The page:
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Tackling Invasive Plants with Trailers, Backhoes and People Power

Tackling Invasive Plants with Trailers, Backhoes and People Power

b2ap3_thumbnail_CWMA_1.jpgThe beach area adjacent to the South Jetty got a makeover when volunteers with the Texas Gulf Region Cooperative Weed Management Area made a substantial effort to rid the area of the invasive Brazilian peppertree. Twenty volunteers from the local community and organizations removed 15 trailer loads of Brazilian peppertree. This thick shrub/tree is prevalent in Nueces County and along the Texas coast, and has been identified as an invasive species by the U.S. Department of Agriculture. It is so dense that it chokes out native plants and there is some evidence that it produces chemicals that inhibit the growth of native plants. The Texas Gulf Region Cooperative Weed Management Area (CWMA) was established in 2014 by the City of Port Aransas and initial partners the Texas A&M Forest Service and Lady Bird Johnson Wildflower Center. The mission of this CWMA is to address invasive Brazilian peppertree (Schinus terebinthifolious) from Port O'Connor to Packery Channel on the Texas Gulf Coast.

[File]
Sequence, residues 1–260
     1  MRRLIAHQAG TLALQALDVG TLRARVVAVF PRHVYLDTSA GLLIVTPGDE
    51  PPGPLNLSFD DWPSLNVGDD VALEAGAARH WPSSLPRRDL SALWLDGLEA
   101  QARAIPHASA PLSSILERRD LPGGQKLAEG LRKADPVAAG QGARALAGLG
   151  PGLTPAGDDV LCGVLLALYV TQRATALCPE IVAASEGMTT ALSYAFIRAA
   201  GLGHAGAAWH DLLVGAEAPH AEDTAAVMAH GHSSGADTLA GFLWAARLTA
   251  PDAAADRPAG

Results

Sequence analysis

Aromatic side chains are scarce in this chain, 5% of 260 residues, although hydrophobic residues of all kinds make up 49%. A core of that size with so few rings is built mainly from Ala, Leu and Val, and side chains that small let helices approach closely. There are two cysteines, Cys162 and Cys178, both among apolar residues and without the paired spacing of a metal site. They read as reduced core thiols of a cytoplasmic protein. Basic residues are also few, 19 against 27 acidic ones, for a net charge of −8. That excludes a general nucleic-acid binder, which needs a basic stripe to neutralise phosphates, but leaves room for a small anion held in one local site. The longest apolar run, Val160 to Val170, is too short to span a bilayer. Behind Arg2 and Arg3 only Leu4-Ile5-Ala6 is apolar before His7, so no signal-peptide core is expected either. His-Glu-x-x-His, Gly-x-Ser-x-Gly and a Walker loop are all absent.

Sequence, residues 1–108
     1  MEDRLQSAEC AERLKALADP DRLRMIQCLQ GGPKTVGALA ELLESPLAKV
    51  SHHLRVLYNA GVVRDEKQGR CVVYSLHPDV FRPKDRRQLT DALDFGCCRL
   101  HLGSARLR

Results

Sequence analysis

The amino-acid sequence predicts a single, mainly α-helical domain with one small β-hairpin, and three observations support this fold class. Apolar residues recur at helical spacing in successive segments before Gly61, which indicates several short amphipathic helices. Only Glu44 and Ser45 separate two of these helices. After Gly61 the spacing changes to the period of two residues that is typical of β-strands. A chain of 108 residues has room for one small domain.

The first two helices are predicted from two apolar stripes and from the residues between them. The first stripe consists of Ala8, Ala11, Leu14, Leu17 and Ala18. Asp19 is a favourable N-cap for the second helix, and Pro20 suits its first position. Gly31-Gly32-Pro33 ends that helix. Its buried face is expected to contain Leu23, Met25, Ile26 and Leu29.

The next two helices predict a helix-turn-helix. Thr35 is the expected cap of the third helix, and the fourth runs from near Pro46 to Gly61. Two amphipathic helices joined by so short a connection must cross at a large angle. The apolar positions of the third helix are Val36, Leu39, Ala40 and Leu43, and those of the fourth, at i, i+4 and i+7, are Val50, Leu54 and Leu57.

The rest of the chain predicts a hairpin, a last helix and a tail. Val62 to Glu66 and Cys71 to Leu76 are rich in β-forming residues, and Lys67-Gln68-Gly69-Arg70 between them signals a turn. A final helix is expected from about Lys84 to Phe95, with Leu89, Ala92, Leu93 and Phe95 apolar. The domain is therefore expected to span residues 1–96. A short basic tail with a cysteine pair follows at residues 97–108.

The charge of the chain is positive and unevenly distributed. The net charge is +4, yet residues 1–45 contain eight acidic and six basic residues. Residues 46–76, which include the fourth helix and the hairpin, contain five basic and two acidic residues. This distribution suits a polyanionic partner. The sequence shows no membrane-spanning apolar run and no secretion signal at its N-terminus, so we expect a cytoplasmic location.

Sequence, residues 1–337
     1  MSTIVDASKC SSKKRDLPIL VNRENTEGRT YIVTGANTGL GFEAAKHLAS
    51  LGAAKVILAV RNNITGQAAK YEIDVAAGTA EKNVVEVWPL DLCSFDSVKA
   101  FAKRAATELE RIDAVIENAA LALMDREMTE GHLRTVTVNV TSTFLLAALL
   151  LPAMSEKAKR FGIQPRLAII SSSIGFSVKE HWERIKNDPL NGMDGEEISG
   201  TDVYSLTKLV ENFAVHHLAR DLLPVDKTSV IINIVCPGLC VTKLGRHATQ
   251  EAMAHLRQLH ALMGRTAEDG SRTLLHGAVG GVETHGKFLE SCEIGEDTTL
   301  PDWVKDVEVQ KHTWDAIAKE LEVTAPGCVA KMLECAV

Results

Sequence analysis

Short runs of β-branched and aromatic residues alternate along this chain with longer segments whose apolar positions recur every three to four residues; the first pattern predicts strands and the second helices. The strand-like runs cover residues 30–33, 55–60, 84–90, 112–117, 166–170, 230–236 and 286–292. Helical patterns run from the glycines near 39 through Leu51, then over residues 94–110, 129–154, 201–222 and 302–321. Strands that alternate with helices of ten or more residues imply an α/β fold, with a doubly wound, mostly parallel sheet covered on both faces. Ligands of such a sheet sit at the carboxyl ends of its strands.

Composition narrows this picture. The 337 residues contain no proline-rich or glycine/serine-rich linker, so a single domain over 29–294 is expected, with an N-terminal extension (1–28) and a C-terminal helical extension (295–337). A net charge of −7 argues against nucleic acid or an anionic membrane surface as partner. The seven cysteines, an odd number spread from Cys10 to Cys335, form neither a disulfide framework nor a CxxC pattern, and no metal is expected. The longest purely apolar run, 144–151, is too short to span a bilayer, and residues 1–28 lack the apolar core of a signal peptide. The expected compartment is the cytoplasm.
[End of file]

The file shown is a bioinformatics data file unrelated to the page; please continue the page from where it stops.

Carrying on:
b2ap3_thumbnail_CWMA_3.jpgThe recent effort was aided by many individuals from the local community, Mission-Aransas Reserve, The University of Texas Marine Science Institute, Nueces County Parks, Texas Parks and Wildlife Department, U.S. Fish and Wildlife Services, and the Coastal Bend Bays & Estuaries Program.

To learn more about the effort and the invasive Brazilian pepper tree check out this video:


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